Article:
That is what Drew Brees helped to bring back to New Orleans. He brought back a relevance to the city of New Orleans. The Saints were no longer a laughingstock, which was really an analogy of the city no longer being down and out on its luck post-Katrina.

But Roger Goodell has decided the city of New Orleans is simply not that important. He’s basically said, “I know what’s going on there but screw you!”


With no Sean Payton, and further player suspensions to come, this Saints squad is likely to take a giant step backwards in 2012. I’m not saying suspensions shouldn’t have been handed down, certainly Payton and Co. were deserving of some penalty.

But Drew Brees’ team and paycheck are ultimately going to pay because of the penalty the Saints suffered. That’s the hypocrisy behind these decisions—Goodell wants to promote the good and yet in doing so is indirectly crushing one of his greatest ambassadors.

INDIANAPOLIS, IN - FEBRUARY 03:  Drew Brees of The New Orleans Saints attends Pepsi Pre-Super Bowl Party at Indiana State Museum on February 3, 2012 in Indianapolis, Indiana.  (Photo by Mike Coppola/Getty Images for Pepsi)
Mike Coppola/Getty Images

Brees is at the pinnacle of the NFL landscape—a man almost too good to be true. He makes Sean Payton look like the devil. Yet, Brees—New Orleans’ patron Saint—is enduring the wrath of commissioner Goodell.

Roger is almost intentionally changing his last name to God-dell. In other words, he’s playing God, passing down judgment on people who will receive theirs from the one true God in the end, should they not repent. Yet, he’s punishing players such as Brees, Pierre Thomas and Marques Colston—who by all accounts are wonderful men who not only had nothing to do with the bounty system, but have done everything in their power to ensure the City of New Orleans is given a good name.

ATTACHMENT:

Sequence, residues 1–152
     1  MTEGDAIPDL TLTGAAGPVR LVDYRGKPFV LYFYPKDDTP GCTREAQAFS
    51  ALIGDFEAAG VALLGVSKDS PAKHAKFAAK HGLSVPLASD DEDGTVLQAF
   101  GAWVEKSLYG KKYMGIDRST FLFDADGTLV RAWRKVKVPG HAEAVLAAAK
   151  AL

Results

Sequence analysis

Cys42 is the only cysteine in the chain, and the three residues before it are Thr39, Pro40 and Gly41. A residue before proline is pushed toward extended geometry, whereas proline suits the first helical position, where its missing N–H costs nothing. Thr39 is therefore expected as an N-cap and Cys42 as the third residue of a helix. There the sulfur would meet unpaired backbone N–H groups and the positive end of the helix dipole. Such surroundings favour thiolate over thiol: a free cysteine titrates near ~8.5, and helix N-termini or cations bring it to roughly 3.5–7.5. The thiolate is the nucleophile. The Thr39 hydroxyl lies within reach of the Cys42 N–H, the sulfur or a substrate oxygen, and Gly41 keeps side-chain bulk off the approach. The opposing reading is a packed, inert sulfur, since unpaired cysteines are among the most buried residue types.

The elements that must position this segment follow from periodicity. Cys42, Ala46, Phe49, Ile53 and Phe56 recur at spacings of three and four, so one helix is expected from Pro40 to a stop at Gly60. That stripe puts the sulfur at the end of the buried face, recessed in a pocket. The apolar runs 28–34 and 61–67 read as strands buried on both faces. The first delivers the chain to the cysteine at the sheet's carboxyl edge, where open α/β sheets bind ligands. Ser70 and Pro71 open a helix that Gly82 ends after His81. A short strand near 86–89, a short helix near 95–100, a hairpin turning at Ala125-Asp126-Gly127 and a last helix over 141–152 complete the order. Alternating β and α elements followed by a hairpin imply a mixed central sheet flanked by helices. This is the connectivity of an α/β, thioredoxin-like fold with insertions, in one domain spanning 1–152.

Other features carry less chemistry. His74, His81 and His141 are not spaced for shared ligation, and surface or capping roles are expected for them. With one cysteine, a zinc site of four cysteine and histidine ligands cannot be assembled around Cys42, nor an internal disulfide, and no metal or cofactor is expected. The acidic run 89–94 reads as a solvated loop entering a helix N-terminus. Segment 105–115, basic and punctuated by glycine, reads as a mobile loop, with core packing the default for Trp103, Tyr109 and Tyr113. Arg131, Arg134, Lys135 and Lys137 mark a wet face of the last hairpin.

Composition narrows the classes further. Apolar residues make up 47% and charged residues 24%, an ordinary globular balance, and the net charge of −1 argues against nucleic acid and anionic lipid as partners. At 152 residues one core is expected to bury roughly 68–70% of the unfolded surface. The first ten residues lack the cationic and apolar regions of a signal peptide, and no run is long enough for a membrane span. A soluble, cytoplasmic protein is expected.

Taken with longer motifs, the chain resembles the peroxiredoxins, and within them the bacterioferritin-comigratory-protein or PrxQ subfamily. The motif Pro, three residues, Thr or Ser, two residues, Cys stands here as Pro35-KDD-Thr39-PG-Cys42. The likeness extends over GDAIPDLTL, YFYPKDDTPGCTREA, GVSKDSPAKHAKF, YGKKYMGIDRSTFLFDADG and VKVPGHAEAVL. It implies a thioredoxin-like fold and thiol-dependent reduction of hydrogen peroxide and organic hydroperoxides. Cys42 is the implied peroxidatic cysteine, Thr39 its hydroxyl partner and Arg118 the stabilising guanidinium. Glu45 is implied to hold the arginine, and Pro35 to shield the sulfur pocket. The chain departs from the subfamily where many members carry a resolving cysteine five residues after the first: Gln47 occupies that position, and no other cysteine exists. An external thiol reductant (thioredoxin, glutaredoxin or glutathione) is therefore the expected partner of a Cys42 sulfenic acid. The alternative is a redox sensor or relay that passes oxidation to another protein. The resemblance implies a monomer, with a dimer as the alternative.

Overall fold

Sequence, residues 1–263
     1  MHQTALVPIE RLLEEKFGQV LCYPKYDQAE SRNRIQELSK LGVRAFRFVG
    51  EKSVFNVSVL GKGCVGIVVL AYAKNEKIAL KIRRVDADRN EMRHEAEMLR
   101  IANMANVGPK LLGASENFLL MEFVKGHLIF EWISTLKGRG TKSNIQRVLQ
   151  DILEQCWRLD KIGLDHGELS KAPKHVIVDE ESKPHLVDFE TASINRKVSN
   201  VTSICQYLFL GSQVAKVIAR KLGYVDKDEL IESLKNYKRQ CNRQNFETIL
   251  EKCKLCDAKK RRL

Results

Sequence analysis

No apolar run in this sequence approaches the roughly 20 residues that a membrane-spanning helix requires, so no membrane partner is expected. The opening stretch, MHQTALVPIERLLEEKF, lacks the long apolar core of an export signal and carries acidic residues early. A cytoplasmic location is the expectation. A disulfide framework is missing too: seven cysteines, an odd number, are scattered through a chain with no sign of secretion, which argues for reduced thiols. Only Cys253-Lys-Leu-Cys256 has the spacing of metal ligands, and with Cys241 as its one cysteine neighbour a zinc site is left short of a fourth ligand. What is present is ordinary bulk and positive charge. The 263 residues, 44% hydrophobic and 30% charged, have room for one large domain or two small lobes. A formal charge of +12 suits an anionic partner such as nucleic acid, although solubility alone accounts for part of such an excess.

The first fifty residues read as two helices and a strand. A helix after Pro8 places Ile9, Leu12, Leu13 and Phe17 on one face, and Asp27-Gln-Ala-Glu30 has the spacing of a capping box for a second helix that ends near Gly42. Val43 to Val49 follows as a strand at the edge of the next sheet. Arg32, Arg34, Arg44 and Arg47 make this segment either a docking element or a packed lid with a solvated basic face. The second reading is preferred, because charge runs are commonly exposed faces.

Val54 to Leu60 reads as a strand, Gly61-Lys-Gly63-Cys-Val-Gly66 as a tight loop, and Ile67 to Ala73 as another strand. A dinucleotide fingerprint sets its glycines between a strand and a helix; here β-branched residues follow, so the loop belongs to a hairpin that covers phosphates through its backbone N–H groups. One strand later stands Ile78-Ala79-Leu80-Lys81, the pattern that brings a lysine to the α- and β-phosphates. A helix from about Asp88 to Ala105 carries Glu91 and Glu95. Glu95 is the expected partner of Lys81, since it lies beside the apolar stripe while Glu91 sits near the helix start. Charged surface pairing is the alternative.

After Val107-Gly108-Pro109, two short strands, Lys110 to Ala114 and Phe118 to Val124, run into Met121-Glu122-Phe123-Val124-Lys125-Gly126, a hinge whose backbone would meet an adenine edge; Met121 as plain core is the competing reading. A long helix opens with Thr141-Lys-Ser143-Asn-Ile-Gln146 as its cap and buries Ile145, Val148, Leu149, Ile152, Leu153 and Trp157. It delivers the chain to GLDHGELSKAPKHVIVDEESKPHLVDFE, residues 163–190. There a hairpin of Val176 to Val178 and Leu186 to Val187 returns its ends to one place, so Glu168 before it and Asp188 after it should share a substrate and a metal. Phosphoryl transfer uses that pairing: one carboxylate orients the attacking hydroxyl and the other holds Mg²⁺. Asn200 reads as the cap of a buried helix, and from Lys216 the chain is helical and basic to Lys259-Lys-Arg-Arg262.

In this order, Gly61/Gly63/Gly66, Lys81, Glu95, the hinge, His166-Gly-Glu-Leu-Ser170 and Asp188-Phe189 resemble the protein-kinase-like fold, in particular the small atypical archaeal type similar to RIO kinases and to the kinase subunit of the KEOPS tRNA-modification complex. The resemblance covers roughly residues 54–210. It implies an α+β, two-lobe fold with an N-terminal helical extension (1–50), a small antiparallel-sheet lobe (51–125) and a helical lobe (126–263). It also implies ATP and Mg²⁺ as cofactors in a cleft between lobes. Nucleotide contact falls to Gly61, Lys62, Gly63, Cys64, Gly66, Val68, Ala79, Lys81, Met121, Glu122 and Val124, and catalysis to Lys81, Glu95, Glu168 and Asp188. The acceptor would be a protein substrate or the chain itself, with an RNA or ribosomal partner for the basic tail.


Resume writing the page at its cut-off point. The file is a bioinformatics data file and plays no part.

God-dell is actually passing his judgment, his wrath on those who have followed his rules, obeyed his commands and spread his gospel (the NFL) to the nations. Those men have given the NFL a good name to all people everywhere.

By no means am I saying the offensive players on the Saints’ roster are perfect people, or that they’re all going to heaven. That is not my point. But judgment has indirectly been placed on them by someone who is not worthy to judge them.

Suspend a couple players for a couple games—a team can handle that. They can make adjustments, they can figure out how to play without those players. But to take away a team’s coach for an entire year is beyond belief.

Finally, to take away a team’s second-round draft pick in a year that they have no first-round pick is somewhat harsh. It was expected, but harsh nonetheless. Any chance the team had to compete in 2012 is put at great risk.